Sometimes, You Just Need to Quit For The Sake of Health
Updated: May 27
We all know stress is bad - but it's like one of those things that you know isn't good for you, but you don't really know how much it's effecting you. Especially in our crazy, hectic lifestyles where working around the clock is a social norm and getting 4 hours or less of sleep is a badge of honor.
This mentality and way of life has led many people to seek help through Nutritional Psychology and Consultations with me for balancing their hormones and reversing the damage that stress has done on their body. And often times, one of the first things that needs to be done is to simply slow. down. (If you're interested in how stress effects your hormones, check out my free natural hormone balancing series on YouTube HERE).
Because your mental state and physical state are both tied together. If your body isn't healthy, then neither is your mind and vice versa. The body is a system, completely intertwined and reliant on each other.
Today I want to share a story of someone who listened to her body cues and put her health truly first. Meet Dominique. Dominique is a health and fitness writer and business owner who has lived the crazy, sleepless nights of a writer on a deadline... and also the negative health side effects as a result.
I first met Dominique through work - I remember she was outgoing, extremely smile-y (if that's a word?) and genuinely excited about health and wellness. Over the years, I've gotten to know Dominique on a more personal level and we bonded over our shared history of anxiety. Just last year, Dominique did something that some people might think is extreme (spoiler alert, I think it's awesome)... she quit her job for the sake of her health.
I've asked Dominique to share her experience so that you may find inspiration to take a big step toward achieving your own health and wellness dreams. Granted, not everyone needs to quit their job in order to get healthy (you can do other things like a DIY Wellness Retreat and proper nutrient timing). For Dominique, it was necessary. But find inspiration to take that step toward achieving true wellness for yourself in Dom's story.
Can you tell us a bit about yourself?
I’m Dominique; I’m in my 20s, living in San Diego. I’m a writer (mostly writing about health and wellness!), author (my first book is coming out soon!), new dog mama (to a beautiful floof ball named Stella), and overall happy human being who loves the beach, travel, food, cozy nights in, good books, Chanel everything, Pilates, and Disneyland. I’m the happiest I’ve ever been this year!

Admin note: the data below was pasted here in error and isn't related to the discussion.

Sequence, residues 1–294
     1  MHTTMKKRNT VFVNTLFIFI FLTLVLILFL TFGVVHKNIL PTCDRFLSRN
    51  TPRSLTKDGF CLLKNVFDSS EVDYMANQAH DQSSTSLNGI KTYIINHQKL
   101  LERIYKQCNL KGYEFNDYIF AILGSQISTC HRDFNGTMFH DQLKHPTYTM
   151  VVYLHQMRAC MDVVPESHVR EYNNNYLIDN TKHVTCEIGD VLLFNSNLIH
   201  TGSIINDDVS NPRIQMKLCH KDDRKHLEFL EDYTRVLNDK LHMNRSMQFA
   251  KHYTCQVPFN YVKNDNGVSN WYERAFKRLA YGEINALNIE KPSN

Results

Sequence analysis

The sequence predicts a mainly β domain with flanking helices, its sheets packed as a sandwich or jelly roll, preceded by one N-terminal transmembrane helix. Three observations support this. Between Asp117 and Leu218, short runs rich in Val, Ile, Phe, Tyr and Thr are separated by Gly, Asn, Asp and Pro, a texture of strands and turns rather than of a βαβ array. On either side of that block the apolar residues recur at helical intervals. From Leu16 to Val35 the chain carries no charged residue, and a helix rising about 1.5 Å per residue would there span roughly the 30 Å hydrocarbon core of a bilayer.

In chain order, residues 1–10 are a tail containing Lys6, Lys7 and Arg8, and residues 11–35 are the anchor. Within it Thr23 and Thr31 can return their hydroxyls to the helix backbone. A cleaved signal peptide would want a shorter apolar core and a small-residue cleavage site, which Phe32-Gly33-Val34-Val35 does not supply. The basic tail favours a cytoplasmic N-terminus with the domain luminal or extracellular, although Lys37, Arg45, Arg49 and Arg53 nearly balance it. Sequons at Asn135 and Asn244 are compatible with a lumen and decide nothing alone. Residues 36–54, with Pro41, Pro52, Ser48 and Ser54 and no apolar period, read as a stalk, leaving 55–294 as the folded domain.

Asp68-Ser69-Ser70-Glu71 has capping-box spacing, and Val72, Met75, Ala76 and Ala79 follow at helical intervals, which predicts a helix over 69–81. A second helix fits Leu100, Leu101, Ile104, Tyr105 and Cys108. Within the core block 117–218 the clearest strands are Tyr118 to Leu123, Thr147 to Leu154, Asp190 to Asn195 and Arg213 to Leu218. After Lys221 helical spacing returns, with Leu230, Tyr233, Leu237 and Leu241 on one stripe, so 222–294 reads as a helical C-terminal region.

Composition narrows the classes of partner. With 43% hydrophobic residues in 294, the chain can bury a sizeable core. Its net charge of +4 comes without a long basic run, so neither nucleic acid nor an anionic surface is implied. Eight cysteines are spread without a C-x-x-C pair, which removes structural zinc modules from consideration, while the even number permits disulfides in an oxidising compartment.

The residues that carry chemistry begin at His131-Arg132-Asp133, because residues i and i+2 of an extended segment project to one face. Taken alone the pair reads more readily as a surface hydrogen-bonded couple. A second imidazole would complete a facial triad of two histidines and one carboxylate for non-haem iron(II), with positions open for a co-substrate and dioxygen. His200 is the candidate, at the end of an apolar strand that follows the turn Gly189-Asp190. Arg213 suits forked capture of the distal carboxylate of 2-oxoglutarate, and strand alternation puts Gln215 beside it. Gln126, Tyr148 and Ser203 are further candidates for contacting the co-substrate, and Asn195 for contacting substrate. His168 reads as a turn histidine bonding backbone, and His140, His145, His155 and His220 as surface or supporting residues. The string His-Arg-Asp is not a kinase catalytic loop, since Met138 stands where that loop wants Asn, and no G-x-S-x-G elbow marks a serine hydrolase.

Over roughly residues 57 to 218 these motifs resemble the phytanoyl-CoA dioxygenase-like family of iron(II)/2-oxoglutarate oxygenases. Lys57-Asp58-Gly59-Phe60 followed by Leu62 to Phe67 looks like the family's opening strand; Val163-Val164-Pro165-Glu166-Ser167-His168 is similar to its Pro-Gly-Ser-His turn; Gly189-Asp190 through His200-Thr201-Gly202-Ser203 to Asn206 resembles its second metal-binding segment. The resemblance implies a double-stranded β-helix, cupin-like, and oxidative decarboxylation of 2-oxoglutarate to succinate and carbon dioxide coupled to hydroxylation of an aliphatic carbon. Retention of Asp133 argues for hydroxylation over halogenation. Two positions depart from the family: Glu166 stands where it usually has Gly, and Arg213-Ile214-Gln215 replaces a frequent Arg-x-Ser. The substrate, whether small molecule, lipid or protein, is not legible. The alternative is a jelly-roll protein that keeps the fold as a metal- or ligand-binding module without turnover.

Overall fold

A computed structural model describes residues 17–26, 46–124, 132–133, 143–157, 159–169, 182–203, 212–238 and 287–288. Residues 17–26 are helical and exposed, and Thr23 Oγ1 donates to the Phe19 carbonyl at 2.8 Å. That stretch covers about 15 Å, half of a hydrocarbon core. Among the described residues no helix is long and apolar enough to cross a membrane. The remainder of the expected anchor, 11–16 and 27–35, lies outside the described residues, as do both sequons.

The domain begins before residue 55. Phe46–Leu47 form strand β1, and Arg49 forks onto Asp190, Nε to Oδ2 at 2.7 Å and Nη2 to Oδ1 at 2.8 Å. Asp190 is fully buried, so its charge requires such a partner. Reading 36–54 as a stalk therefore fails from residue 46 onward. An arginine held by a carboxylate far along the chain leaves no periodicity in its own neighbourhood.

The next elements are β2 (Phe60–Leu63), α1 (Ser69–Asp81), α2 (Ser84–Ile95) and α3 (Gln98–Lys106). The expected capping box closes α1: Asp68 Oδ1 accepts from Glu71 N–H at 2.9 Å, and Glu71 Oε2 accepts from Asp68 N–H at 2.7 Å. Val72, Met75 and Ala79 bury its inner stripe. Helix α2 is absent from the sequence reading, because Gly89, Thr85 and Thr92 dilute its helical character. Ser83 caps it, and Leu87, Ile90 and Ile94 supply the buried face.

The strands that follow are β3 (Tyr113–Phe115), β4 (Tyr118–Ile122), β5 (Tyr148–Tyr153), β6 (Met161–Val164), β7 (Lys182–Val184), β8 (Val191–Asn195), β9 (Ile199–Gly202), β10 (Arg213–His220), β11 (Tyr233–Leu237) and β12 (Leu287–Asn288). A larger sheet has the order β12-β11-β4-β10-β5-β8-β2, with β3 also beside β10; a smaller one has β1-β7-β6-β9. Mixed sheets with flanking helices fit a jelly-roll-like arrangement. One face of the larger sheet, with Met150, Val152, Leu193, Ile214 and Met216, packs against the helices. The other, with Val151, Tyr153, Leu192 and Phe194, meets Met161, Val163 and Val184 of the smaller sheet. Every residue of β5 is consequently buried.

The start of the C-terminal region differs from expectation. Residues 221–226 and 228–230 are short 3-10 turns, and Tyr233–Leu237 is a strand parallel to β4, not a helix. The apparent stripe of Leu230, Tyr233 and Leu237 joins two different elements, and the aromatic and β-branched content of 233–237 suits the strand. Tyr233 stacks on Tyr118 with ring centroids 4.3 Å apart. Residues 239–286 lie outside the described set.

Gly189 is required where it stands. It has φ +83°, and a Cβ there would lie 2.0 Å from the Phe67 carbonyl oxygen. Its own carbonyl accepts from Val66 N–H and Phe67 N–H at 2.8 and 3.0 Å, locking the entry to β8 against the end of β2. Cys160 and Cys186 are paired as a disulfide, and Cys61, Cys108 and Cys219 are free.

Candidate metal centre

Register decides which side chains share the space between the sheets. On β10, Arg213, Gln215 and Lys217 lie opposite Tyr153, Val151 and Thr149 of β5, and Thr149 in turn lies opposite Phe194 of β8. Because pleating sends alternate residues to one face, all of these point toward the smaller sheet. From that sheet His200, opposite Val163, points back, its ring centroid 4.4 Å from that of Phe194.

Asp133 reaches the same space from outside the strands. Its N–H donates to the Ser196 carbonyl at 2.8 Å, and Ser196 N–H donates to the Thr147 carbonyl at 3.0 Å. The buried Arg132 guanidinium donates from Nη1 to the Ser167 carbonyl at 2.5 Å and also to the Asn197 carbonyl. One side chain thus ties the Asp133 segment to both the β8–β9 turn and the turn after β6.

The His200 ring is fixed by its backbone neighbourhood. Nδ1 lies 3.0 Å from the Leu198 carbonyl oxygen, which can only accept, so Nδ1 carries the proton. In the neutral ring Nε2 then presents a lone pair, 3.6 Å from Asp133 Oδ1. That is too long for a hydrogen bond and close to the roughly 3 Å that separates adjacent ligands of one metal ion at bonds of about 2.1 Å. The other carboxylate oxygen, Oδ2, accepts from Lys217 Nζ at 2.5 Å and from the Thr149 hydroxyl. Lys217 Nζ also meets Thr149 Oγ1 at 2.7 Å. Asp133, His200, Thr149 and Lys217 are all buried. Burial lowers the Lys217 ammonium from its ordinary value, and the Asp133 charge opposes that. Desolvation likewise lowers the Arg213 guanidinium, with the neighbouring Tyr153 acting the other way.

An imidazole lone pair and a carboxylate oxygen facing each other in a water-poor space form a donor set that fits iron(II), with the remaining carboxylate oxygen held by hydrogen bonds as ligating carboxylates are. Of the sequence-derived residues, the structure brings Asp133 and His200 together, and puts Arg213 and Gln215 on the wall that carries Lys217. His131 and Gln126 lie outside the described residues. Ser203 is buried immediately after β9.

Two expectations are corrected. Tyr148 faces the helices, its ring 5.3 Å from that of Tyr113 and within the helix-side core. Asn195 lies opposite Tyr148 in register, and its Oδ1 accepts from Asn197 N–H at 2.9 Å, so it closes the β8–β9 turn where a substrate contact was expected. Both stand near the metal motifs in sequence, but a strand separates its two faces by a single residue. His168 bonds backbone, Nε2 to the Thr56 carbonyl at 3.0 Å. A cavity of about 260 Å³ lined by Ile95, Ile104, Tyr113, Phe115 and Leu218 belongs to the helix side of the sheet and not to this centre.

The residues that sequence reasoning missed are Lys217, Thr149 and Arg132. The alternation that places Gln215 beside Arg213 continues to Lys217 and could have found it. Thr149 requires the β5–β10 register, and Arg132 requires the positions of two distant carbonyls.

At what point was your anxiety the highest/health the lowest?
There was a span of time between late 2016 and mid 2017 in which things were sliding downward and I couldn’t quite put my finger on what was off; there were a lot of highs to offset the lows, so I pushed through. After I got back from a trip to Europe in September 2017, things took a more drastic turn; I could identify that I was legitimately depressed and my health was at an all time low (and continued to get worse), despite being a fitness and health editor in one of the healthiest cities (SF).
Between November 2017 and March 2018, after going to the emergency room, being tested for Crohn’s with some seriously invasive procedures, going in and out of urgent care multiple times, getting the flu four times in one season (at two weeks a pop), enduring an excruciating rupturing cyst from PCOS, and spiraling deeper into a near-crippling depression, I finally started having dissociative panic attacks with no apparent triggers. They’d come from out of nowhere and put me into a blacked out, drugged kind of state. I was diagnosed with general anxiety and panic disorder my a primary care physician who prescribed me Ativan and a 12-week medical disability leave from work.
Why do you think it got to this point?
There are a number of reasons I think it got to this point. The umbrella to all of this was that chronic stressors had crept into my life silently and sneakily, and we live in a cultural climate in which this kind of stress is normalized. Here’s my assessment:
- Environmental factors: my living situation was not conducive to giving me a healthy home base or respite, and the actual weather climate in SF contributed to poor mood, low vitamin D, and seasonal affective disorder; living far from my best friend group and family didn’t help either.